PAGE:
While it can feel almost impossible to do everything we need to do, good time management can help to maintain or regain control over work. It can help us focus on doing the things that will have the most impact.
What should I be spending my time on?
First, clarify your priorities.
Speak to your line manager or supervisor about their priorities in relation to your research. Make sure you know which areas are your responsibility, and which are someone else’s. Let the ‘someone else’ deal with areas which are not down to you.
Don’t forget long-term priorities, as well as more immediate ones. A good line manager will help you find the time to address longer term aims such as career development.
How can I plan my time?
Have a look at the Planning Table below. Make a list of all the things you have to do, and put each in one of the boxes.
Note the difference between ‘important’ and ‘urgent’. To decide if a task is important, ask yourself questions such as:
- Is it moving me towards my research aims?
- Is it helping me achieve my goals for the future?
With good time management, you can reach the point where you are doing the important things BEFORE they become urgent. The dump box can take some willpower. There may be jobs here that you have to set aside, even if you really want to do them.
Time wasting activities
Try keeping a log of your activities during the course of a day, or a week. Note how long you spend on each activity. This will help you to identify where you may be ‘losing’ time, e.g. through:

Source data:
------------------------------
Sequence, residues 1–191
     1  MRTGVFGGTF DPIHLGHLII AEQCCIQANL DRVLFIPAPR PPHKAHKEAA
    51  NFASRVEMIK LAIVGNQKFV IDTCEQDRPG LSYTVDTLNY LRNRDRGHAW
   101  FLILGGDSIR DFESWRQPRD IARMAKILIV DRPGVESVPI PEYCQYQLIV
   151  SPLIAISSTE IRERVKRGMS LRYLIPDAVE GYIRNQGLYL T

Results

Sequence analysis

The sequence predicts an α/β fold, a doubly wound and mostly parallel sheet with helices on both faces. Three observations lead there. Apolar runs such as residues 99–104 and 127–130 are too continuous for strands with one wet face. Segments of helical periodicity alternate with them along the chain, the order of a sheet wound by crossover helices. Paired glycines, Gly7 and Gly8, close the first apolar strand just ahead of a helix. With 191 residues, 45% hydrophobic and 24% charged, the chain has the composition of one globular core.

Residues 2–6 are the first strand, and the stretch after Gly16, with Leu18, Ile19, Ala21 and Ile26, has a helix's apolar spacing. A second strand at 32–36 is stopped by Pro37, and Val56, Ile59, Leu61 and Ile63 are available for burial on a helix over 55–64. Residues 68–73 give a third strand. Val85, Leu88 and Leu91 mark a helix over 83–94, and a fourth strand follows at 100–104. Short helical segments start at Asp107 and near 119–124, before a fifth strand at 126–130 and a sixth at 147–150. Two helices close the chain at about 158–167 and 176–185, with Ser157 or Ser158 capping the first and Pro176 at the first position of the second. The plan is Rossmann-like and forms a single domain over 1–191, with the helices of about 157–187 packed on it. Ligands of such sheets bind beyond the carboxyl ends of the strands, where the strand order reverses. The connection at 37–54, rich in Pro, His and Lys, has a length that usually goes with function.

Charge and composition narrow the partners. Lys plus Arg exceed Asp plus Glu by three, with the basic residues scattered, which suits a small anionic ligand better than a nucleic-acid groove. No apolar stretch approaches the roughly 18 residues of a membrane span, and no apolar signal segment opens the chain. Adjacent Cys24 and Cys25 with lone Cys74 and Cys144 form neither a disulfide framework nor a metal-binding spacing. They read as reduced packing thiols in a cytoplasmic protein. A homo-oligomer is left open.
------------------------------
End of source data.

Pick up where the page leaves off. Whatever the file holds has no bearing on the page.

- Putting low priority activity before important tasks
- Reacting to jobs that come along rather than planning how and when to tackle them
- Not having the information to do the job properly
- Lack of focus through failure to set objectives and deadlines
Spending more of your working day focused on your research will free up more time for outside interests or for your family and friends.
Time management checklist
- Identify your priorities
- Set clear objectives for each area of your work
- Devote time to planning as well as doing
- Work backwards from deadlines. Identify key stages and split large tasks into manageable sections
- Record your daily/ weekly plan on a calendar that’s easy to access
- Don’t let other activities get in the way of your priorities
- Develop a good filing system so that you don’t waste time looking for information. Keep your working area tidy
- Don’t respond to email as soon as it arrives. Check email at set times of the day and accommodate any incoming tasks into your plan
- Manage other people’s expectations of you. Learn to say ‘no’
- Do one thing at a time
- Reserve activities that require most brainpower for your best time of day. If you are not a morning person, use the morning for more routine or physical activity
- If motivation is a problem, give yourself small incentives to help you tackle important tasks